Posttraumatic osteomyelitis (PTO) is a feared complication after surgical fracture care. Late diagnosis can result in interrupted and prolonged rehabilitation programmes, inability to work, medical dependency, unnecessary hospital admissions, and high medical and non-medical costs. Primary aim of this study was to assess preferred diagnostic imaging strategies for diagnosing PTO amongst orthopaedic and trauma surgeons, radiologists, and nuclear medicine physicians. Secondary aims were to determine the preferred serum inflammatory marker for diagnosing PTO and the existence of a local hospital protocol to diagnose and manage PTO.
This study utilised an online survey based on four clinical scenarios, varying from early to late onset of PTO. It was designed to assess individual practitioners' current preferred diagnostic strategy for diagnosing PTO. Eligible study participants were medical specialists and registrars in orthopaedic and trauma surgery, musculoskeletal (MSK) radiology, and nuclear medicine.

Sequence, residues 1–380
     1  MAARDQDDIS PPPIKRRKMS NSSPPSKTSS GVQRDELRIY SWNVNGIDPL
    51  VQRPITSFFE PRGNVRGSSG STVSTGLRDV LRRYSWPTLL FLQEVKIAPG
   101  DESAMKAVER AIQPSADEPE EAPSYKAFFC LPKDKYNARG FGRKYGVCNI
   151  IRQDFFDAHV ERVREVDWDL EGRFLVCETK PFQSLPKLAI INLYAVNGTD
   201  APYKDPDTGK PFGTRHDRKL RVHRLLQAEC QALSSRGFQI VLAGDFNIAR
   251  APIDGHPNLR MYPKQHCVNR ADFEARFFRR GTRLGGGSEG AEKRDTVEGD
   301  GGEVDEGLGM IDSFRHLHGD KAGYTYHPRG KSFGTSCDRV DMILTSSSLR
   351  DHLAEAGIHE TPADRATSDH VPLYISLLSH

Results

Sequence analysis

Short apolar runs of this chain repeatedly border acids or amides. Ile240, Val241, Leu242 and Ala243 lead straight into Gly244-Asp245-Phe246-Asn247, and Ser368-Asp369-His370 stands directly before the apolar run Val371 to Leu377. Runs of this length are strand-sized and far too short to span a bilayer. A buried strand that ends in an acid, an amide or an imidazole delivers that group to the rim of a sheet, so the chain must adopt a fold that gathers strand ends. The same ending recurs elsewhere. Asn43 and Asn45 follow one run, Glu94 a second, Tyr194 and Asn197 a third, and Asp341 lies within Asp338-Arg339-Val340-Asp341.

There were 346 responders: 155 trauma surgeons, 102 orthopaedic surgeons, 57 nuclear medicine physicians, and 33 MSK radiologists. Trauma surgeons favour FDG-PET to image PTO, while orthopaedic surgeons prefer WBC scintigraphy. A similar difference was seen between radiologists and nuclear medicine physicians (MRI versus nuclear medicine imaging). CRP was regarded as the most useful serum inflammatory marker. Only one-third of all responders was aware of a local hospital protocol for the treatment of osteomyelitis.
The availability of and awareness towards local protocols to diagnose and treat PTO is poor. The results of this study support the need for future randomised controlled trials on optimal diagnostic strategies for PTO.
- Medical imaging
- Nuclear imaging
- PROSTHETIC JOINT INFECTION